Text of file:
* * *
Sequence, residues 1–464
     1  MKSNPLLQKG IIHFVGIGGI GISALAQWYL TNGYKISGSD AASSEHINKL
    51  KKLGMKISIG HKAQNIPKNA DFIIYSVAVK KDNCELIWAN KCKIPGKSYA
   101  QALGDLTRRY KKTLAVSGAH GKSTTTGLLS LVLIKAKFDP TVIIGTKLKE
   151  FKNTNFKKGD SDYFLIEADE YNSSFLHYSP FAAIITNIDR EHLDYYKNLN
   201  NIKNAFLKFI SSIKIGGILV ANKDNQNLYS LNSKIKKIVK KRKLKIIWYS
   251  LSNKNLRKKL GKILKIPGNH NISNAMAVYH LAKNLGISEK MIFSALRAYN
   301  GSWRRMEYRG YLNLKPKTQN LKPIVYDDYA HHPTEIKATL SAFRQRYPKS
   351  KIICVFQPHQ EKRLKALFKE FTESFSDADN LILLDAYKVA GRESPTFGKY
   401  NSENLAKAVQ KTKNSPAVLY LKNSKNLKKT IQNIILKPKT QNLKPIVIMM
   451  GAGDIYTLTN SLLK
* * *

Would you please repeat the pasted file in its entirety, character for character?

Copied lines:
Sequence, residues 1–464
     1  MKSNPLLQKG IIHFVGIGGI GISALAQWYL TNGYKISGSD AASSEHINKL
    51  KKLGMKISIG HKAQNIPKNA DFIIYSVAVK KDNCELIWAN KCKIPGKSYA
   101  QALGDLTRRY KKTLAVSGAH GKSTTTGLLS LVLIKAKFDP TVIIGTKLKE
   151  FKNTNFKKGD SDYFLIEADE YNSSFLHYSP FAAIITNIDR EHLDYYKNLN
   201  NIKNAFLKFI SSIKIGGILV ANKDNQNLYS LNSKIKKIVK KRKLKIIWYS
   251  LSNKNLRKKL GKILKIPGNH NISNAMAVYH LAKNLGISEK MIFSALRAYN
   301  GSWRRMEYRG YLNLKPKTQN LKPIVYDDYA HHPTEIKATL SAFRQRYPKS
   351  KIICVFQPHQ EKRLKALFKE FTESFSDADN LILLDAYKVA GRESPTFGKY
   401  NSENLAKAVQ KTKNSPAVLY LKNSKNLKKT IQNIILKPKT QNLKPIVIMM
   451  GAGDIYTLTN SLLK